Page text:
> browsers and constrained devices, but also for creating Docbook-style
> languages, news formats, and so on.

If you mean some XHTML 2 modules could be reconciled with text/html 
processing, that's probably true. The following seem like possible examples:

* XHTML Document Module
* XHTML Structural Module
* XHTML Text Module
* XHTML Hypertext Module
* XHTML I18N Attribute Module
* XHTML Bi-directional Text Attribute Module
* XHTML Role Attribute Module
* Ruby Module
* XHTML Style Attribute Module
* XHTML Tables Module

These basically reflect features in existing text/html implementations. 
Another group of modules introduce new features with (arguably) 
acceptable fallbacks in existing text/html browsers that could perhaps 
be implemented without breaking support for the text/html corpus:

* XHTML List Module
* XHTML Edit Attributes Module
* XHTML Image Map Attributes Module
* XHTML Metainformation Attributes Module
* XHTML Media Attribute Module
* XHTML Style Sheet Module

But there's a whole set of important modules that don't have acceptable 
text/html fallbacks and/or probably couldn't be implemented without 
breaking support for the text/html corpus:

* XHTML Embedding Attributes Module: Undisplayed images are not an 
acceptable fallback, and IIRC browser vendors say it's too hard to 
implement "src" on every element.
* XHTML Handler Module: Displaying raw script on the page is not an 
acceptable fallback.
* XHTML Image Module: Missing alternative texts and alternative text 
displayed beside a visible image is not an acceptable fallback, and 
treating text after an 'img' tag as alternative text is not going to be 
possible to implement alongside supporting the existing web corpus.
* XHTML Hypertext Attributes Module: Links that don't work are not an 
acceptable fallback, and IIRC browser vendors say it's too hard to 
implement "href" on every element.
* XHTML Metainformation Module: text following a "meta" tag is displayed 
in text/html; that's not an acceptable fallback for human-unfriendly 
content and there is likely to be existing content in the corpus that 
depends on this behavior.
* XForms Module: Existing assistive technology cannot associate labels 
with fields, select controls don't work; there are likely further 
practical problems that represent unacceptable failures.
* XHTML Object Module: You would need to use different markup to get 
this working in the most popular browser.
* XML Events Module: Event handling wouldn't work since it depends on 
the Handler Module.

(Doubtless other people's versions of these lists would be different; I 
certainly don't know enough about the implementation problems to provide 
any sort of strong opinion.)

I was talking about XHTML 2 in the round, not individual modules. I 
submit that if XHTML 2 was designed with an eye towards text/html 
compatibility and implementability, (a) these modules would have been 
designed quite differently and (b) their specs would mention differences 
in text/html processing so that authors could avoid certain markup patterns.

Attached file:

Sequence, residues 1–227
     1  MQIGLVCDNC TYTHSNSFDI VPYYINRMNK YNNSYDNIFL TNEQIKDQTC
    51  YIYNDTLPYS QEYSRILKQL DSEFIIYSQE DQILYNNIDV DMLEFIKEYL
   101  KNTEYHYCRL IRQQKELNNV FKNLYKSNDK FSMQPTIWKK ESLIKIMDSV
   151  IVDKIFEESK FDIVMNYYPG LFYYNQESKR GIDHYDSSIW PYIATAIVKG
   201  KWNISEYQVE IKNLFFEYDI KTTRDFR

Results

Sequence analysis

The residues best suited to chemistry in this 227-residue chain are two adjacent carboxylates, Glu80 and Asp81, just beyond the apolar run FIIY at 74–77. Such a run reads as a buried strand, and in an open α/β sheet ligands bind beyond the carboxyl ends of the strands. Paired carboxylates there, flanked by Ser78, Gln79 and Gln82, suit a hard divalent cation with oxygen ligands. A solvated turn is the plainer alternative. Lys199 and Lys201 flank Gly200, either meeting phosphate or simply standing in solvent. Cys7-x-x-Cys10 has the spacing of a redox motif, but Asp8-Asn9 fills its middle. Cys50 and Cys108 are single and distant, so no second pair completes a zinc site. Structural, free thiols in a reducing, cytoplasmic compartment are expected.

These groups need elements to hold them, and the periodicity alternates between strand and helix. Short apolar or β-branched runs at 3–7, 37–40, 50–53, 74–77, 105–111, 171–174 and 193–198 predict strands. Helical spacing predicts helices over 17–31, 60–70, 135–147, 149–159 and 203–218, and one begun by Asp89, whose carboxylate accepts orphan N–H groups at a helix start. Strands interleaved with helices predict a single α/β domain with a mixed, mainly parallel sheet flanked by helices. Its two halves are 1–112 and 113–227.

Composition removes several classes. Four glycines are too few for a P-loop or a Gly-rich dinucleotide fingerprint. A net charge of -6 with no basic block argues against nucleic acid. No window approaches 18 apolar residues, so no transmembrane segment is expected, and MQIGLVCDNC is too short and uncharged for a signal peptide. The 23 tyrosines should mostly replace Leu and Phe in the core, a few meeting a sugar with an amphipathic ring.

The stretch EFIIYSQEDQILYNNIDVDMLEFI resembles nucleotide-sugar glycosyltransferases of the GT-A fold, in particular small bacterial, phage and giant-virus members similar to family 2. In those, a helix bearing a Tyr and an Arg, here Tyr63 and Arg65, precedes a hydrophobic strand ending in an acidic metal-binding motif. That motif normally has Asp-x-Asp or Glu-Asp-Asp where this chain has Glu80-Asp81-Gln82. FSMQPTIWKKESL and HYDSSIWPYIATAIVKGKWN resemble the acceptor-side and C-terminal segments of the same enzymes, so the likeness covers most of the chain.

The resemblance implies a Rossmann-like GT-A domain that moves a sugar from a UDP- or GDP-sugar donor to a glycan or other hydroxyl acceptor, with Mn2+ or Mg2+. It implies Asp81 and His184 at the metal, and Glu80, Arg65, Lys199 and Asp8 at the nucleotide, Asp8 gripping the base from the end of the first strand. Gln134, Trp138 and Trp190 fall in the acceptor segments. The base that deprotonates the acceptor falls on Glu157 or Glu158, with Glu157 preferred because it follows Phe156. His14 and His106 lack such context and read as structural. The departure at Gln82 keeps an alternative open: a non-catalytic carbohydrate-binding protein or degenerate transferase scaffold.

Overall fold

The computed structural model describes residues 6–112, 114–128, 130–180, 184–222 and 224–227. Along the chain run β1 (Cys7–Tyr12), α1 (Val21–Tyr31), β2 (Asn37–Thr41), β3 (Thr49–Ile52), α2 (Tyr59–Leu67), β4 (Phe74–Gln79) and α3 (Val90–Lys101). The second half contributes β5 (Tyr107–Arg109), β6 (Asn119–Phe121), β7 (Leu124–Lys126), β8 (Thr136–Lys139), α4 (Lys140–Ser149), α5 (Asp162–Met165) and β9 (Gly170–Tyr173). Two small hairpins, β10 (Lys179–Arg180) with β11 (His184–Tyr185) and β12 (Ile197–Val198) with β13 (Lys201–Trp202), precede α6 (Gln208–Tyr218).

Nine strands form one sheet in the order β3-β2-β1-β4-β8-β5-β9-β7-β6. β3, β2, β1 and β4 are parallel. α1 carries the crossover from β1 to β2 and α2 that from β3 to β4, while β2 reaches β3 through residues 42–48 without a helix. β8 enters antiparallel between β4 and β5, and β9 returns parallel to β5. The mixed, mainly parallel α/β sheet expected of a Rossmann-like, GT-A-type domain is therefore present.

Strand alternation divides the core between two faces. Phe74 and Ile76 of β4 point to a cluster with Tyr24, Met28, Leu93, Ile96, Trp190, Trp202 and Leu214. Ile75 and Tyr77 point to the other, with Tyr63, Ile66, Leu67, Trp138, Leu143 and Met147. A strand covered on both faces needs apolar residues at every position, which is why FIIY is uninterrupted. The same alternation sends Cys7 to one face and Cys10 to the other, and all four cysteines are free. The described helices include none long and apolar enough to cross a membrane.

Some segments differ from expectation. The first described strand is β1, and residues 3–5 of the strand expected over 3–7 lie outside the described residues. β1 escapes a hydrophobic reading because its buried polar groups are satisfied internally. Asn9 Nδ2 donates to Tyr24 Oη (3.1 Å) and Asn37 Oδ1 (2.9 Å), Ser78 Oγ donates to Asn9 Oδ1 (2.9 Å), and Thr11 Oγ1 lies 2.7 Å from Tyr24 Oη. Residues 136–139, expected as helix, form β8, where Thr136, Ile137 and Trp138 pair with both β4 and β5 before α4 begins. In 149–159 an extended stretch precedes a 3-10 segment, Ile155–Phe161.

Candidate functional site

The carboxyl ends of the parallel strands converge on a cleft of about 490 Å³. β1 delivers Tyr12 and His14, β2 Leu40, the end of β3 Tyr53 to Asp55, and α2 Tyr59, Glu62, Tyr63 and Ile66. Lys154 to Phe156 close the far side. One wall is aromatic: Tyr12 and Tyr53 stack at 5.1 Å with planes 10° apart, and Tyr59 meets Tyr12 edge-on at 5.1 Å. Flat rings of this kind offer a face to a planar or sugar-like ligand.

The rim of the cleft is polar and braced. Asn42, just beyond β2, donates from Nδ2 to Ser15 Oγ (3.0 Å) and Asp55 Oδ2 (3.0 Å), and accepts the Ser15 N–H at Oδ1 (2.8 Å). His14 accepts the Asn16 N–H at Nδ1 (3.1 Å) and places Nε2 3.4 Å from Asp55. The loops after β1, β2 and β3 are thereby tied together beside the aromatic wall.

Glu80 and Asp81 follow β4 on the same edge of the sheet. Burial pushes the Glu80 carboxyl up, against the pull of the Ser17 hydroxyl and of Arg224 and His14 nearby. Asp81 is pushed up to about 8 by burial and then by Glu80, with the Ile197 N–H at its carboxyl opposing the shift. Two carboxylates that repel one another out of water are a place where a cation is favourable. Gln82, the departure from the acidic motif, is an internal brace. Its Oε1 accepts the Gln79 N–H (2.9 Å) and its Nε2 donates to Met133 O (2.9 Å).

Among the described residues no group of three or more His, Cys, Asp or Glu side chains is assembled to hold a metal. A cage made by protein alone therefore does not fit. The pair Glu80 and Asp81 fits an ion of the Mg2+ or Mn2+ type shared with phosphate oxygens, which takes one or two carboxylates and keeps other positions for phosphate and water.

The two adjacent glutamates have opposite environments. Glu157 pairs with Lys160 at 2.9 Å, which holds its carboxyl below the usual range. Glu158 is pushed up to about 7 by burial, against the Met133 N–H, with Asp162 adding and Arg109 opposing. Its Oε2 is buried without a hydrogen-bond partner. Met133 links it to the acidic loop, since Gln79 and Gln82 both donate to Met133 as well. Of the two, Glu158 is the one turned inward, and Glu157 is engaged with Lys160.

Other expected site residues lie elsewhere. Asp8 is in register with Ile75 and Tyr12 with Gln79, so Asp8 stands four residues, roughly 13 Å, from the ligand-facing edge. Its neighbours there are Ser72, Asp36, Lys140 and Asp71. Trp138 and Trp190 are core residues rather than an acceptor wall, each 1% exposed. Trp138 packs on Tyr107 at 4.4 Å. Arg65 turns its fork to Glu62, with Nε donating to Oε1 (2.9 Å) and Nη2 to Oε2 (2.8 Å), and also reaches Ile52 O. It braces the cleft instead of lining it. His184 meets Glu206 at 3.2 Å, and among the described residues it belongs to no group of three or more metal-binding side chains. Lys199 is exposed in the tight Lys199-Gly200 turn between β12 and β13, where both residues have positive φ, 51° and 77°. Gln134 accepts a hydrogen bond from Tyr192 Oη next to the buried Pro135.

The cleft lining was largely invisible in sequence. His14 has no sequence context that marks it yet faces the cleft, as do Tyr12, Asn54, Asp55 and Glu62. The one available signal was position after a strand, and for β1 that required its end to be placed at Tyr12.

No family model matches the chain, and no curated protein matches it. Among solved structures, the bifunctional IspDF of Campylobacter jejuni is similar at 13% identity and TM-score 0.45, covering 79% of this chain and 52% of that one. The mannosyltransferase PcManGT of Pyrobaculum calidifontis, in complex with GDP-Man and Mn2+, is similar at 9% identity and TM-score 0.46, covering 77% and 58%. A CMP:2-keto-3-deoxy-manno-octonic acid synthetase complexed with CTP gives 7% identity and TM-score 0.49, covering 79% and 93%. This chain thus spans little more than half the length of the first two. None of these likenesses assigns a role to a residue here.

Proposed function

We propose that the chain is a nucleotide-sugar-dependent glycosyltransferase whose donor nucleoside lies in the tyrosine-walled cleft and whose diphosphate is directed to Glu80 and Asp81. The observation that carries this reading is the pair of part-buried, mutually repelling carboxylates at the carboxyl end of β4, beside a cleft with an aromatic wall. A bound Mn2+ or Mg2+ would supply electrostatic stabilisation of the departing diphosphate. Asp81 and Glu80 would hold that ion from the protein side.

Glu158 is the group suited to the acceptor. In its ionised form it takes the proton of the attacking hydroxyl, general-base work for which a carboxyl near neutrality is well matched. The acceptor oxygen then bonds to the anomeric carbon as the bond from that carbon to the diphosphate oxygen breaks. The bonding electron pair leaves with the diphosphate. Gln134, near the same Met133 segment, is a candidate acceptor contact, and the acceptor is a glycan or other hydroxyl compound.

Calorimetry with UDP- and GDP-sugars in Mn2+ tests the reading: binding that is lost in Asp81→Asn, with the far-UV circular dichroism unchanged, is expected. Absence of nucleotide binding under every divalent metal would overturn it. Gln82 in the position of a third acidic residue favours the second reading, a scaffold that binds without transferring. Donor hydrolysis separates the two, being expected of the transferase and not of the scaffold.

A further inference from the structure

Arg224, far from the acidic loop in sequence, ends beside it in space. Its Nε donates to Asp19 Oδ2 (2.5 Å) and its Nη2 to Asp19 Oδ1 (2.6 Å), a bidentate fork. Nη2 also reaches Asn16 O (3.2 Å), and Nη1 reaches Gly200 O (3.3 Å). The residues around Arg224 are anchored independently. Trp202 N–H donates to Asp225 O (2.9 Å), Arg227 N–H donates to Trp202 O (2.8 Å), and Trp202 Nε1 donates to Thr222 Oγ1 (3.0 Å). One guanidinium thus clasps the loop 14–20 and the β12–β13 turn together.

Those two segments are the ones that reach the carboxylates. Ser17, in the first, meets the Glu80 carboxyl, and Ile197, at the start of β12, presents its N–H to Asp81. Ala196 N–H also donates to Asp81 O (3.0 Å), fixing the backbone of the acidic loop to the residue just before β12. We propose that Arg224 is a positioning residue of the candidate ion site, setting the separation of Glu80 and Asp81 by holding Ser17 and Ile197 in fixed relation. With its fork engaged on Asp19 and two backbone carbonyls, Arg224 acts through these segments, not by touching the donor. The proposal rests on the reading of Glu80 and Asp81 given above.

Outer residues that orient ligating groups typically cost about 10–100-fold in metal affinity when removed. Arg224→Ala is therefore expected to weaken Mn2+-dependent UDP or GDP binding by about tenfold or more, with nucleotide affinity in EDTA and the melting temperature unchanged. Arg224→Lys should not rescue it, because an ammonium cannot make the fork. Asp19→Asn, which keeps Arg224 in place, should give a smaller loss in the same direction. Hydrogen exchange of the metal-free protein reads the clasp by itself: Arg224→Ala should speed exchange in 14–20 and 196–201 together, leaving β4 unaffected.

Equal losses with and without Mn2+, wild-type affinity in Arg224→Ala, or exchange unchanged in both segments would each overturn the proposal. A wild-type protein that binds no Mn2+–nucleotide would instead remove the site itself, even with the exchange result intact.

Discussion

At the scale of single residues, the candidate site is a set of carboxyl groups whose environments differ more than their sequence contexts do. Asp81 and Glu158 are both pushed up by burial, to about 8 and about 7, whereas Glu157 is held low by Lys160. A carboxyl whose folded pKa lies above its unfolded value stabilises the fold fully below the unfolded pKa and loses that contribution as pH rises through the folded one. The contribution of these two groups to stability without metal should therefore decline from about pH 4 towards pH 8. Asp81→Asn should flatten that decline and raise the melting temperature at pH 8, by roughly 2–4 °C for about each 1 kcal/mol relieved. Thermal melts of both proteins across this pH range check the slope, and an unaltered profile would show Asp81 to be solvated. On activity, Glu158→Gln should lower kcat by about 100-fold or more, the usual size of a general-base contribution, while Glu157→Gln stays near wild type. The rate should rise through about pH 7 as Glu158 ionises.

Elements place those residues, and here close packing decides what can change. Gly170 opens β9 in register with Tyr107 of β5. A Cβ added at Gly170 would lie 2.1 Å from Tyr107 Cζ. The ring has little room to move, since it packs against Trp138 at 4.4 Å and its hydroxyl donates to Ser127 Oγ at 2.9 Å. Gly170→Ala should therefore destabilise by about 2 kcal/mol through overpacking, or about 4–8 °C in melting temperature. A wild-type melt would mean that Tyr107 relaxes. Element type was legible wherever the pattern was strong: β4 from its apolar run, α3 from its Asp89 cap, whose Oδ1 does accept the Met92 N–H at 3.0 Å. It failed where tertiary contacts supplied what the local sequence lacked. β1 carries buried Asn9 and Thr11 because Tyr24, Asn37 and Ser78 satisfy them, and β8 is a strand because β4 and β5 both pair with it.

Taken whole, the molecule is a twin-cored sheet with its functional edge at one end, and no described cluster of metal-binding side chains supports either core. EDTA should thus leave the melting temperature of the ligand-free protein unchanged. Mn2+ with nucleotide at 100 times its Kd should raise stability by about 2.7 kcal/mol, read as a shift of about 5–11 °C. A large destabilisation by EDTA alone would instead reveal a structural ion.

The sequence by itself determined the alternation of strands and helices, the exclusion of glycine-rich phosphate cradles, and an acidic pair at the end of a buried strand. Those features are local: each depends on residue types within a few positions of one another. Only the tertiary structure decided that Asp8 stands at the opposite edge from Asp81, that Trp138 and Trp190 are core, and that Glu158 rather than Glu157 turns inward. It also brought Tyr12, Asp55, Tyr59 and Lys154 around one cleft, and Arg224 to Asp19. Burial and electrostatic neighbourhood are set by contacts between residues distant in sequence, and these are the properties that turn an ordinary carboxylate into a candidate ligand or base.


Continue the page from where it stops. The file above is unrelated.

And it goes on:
These modules include some of biggest changes from HTML4/XHTML1:

http://www.w3.org/TR/xhtml2/introduction.html#s_intro_differences

They are certainly important enough to say you cannot simply produce an 
straightforward "strictly conforming XHTML 2 document", serve it as 
text/html, and expect text/html browsers to provide an acceptable user 
experience for it now, or indeed ever.

I think unacceptably broken forms, scripts, machine data, links, and 
images are sufficient disincentive to trying to serve XHTML 2 as text/html.

On the other hand, the advantages provided by using the remaining XHTML 
2 modules fashion instead of just using the XML serialization of HTML5, 
and then serving the result as text/html, are hard to understand. For 
one thing, the later would give you much the same featureset but working 
better in existing browsers, and for another, the later would include 
forms, scripts, machine data, links, and images that work in text/html.

If the basic idea of XHTML 2 has really stopped being about throwing 
text/html to the winds and taking advantage of XML to rationalize 
document markup and started being about merely paring down HTML into a 
document format and using external XML facilities where ever possible, 
I'd imagine subsetting the following HTML5 features into separate XML 
Schema modules would accomplish 90% of the same use cases with 10% of 
the work for spec-writers, implementors, and authors:

head, title, base, script, body, section, nav, article, aside, h1, h2, 
h3, h4, h5, h6, header, footer, p, pre, dialog, blockquote, ol, ul, li, 
dl, dt, dd, cite, q, em, strong, code, ruby, rt, rp, ins, del, figure, 
object, table, caption, colgroup, col, tbody, thead, tfoot, tr, td, th, 
div, span, object

Specifying, implementing, and learning another language just to use 
"blockcode" instead of "<pre><code>" really doesn't seem worth it. ;)

A "strictly conforming XHTML 2" conformance checker could simply verify 
that the document was using only those features from HTML5, plus any 
other non-HTML XML modules you want to include in XHTML2 (XForms, ARIA, 
RDFa, XLink, XML Events, SVG, MathML, SMIL, whatever).

--
Benjamin Hawkes-Lewis
Received on Thursday, 8 January 2009 13:02:03 GMT